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The Dirty Word That Makes Us Squirm

I've now been immersed in the world of nutrition, functional wellness, and food as medicine for 7 years. On one hand that's a considerable amount of time, but compared to others I know, it's a mere drop in the bucket. So far, it's been quite the personal journey - sometimes exhilarating, sometimes devastating, always intriguing, and often lonely - and I know there will be many more twists and turns as the years continue to pass.

I'm here for it.

Despite the ups and downs, one thing that has been fairly consistent during all this time is the very predictable reaction I receive from friends, family, and acquaintances after all the niceties are presented and a hopeful vision for their future improved health is cast, and we get down to business with a single 5-syllable word that no one wants to hear.

That word is ELIMINATION.

Hold that thought for a minute...

It is puzzling to me that when an alcoholic declares he's been completely dry for a 12 months, we are quick to celebrate and shower him with encouraging words. "Awesome! You've got this, man! Keep up the great work! We are here to support you! Just outstanding!"

When a former smoker shares that she hasn't had a single cigarette in 8 years, we raise the roof with praise and declare what an accomplishment that is and what a powerful example she is to her children. "You rock! You inspire me! We are all so proud of you! Here's to a full and fruitful life of smoke-free living! LOVE IT!"

When a longtime drug addict shares a testimony of God's faithfulness to free him of his soul-crushing addiction, we are brought to tears with the dramatic story of recovery, restoration, and redemption. "God is so good! His desire is for us to walk in freedom! There is nothing He can't do, and no life he can't redeem! AMEN!!"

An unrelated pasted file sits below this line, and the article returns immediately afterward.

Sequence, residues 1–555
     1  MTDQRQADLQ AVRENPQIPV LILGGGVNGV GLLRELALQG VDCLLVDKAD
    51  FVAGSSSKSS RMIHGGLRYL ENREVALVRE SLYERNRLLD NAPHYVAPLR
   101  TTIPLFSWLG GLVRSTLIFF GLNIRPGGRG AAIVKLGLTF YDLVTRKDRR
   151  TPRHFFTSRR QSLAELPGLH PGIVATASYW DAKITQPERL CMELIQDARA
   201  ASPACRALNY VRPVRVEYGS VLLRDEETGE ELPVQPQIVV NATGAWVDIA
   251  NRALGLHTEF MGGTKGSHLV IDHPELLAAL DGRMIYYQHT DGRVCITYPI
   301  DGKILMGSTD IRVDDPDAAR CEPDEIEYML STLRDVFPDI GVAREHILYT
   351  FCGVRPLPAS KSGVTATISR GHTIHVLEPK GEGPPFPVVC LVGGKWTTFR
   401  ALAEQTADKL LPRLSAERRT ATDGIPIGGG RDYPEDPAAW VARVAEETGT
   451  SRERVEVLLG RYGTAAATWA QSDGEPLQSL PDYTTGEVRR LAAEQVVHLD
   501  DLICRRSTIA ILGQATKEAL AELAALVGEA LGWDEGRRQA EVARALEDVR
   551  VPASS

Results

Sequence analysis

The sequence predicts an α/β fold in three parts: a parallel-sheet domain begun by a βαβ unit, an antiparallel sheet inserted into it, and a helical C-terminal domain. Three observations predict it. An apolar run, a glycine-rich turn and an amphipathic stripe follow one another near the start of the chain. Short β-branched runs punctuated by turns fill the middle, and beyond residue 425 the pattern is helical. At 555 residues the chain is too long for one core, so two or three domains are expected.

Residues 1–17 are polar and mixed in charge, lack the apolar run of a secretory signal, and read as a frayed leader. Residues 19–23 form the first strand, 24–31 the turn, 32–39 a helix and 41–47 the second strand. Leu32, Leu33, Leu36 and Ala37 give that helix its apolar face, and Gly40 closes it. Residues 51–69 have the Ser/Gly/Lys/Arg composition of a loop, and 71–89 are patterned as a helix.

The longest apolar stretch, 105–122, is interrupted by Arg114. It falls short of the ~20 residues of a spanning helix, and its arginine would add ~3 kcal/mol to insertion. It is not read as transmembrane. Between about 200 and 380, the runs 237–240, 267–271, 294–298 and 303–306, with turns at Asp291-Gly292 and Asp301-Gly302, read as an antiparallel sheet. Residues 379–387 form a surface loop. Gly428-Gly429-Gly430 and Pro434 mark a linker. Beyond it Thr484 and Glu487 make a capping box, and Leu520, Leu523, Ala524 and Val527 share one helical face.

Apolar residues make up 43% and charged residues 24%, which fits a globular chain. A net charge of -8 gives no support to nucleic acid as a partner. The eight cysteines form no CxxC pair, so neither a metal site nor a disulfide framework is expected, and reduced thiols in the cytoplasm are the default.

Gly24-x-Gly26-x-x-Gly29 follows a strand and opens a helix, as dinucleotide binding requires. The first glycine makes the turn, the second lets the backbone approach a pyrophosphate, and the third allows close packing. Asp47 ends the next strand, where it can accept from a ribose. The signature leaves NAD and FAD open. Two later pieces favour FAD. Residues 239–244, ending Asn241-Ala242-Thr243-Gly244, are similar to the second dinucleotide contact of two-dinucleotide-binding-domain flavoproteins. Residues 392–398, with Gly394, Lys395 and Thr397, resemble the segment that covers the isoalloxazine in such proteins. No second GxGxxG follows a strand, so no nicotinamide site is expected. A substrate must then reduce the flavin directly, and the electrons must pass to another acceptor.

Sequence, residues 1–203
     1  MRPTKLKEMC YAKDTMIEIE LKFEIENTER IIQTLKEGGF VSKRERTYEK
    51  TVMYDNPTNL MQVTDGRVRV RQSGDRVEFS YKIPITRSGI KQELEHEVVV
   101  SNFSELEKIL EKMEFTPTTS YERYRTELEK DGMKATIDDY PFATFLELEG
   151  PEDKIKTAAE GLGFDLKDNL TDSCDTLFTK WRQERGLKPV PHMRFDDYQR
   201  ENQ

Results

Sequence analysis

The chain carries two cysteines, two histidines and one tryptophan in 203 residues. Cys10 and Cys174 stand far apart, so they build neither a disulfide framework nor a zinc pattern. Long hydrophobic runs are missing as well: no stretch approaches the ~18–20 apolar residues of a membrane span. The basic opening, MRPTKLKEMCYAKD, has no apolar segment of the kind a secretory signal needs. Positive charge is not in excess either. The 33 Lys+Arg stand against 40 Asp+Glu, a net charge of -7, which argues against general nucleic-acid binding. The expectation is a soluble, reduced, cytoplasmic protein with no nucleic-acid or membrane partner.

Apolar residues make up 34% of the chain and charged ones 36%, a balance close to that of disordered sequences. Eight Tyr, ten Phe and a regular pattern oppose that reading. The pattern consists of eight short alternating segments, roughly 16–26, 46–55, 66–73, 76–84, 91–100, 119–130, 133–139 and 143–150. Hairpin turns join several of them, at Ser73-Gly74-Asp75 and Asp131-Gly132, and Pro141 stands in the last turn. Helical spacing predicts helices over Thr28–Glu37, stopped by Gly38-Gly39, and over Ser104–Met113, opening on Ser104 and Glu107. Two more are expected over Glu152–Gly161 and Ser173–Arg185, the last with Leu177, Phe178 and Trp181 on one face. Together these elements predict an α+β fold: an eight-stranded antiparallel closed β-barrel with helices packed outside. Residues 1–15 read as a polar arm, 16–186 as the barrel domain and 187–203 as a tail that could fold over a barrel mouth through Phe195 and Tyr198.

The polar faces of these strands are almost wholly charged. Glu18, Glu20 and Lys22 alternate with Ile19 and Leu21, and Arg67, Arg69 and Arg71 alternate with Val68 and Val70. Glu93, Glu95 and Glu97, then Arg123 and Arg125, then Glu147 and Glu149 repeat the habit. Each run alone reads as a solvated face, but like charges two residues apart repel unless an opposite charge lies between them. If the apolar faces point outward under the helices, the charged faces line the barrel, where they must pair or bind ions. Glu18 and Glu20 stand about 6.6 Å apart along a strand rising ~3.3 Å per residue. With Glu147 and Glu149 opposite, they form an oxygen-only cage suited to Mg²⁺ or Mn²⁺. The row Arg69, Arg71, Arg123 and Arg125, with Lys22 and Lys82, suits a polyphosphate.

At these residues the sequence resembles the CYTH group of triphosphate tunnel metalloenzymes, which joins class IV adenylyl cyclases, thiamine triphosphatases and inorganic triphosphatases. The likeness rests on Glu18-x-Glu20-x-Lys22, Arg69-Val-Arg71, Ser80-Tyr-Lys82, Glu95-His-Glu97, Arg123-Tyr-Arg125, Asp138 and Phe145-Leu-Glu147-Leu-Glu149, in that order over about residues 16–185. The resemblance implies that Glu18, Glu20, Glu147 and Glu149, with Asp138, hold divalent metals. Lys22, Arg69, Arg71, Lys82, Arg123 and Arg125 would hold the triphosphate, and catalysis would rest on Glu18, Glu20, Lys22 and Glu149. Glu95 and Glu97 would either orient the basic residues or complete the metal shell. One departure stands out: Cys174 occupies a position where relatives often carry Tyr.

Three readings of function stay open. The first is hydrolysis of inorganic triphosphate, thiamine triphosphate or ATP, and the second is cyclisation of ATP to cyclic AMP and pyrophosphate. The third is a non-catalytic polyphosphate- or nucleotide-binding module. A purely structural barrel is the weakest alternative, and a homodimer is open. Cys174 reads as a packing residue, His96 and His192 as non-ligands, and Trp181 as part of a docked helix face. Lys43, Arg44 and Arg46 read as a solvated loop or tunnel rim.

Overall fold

In all three of these cases, we recognize, honor, and celebrate the ELIMINATION of a destructive vice. We know very well the final destination of those devastating paths, and so it's a collective blessing and encouragement when individuals have the strength and humility to bushwhack their way back to a path of life and freedom. Their mess becomes their message, and we rally behind it and them. As spectators, we recognize that total elimination is good and necessary and right. Any kind of wishy-washy middle ground would be a certain return to behavioral bondage.

But imagine if someone were to say, "Guys, it's been 90 days since I've consumed any processed food/sugar/fast food and I feel so good, I don't think I'll ever go back!" How would you respond?

With judgment? (Dude, no. You can't be serious?!)

With awkward silence? (Don't make eye contact, suddenly become very interested in the carpet fibers.)

With apathy? (Hm? Oh, cool. What time is it, by the way?)

With ridicule? (What are you? Some kind of tree-hugging granola freak?)

With private shame? (looks a lot like awkward silence...conviction hurts sometimes)

Why is it that when food is involved, suddenly everyone is all about "all things in moderation"? Does this apply to illicit drugs? Extra-marital affairs? Sniffing glue? Drunk bungee jumping? Is a little bit of everything always a good thing? Is it ever appropriate to make a 180 degree turn? To abstain totally and completely, forever and ever? To say, "No, thanks. I'm really not interested in that"?

When I try to explain to folks that sometimes total elimination of certain foods/phoods/drinks is the very best and life-affirming choice they could possibly make, a very common response is, "But I have this personality-thing where total elimination just makes me want it more. I do better if I have a little bit here and know not a lot, of course...but...I mean...I can totally go without it if I need to!" Except, they DO need to, and they can't. They are captive.

I don't know about you, but to me that sounds like addiction.

Friends, you don't moderate addiction.

You get medieval with it and burn it to the ground.

Then you walk away - no, YOU RUN AWAY.

And you never look back.

Let us throw off everything that hinders, and the sin that so easily entangles.

Total elimination can be glorious! A pure delight. Try it and see.

Hebrews 12:9 - No discipline seems pleasant at the time, but painful. Later on, however, it produces a harvest of righteousness and peace for those who have been trained by it.

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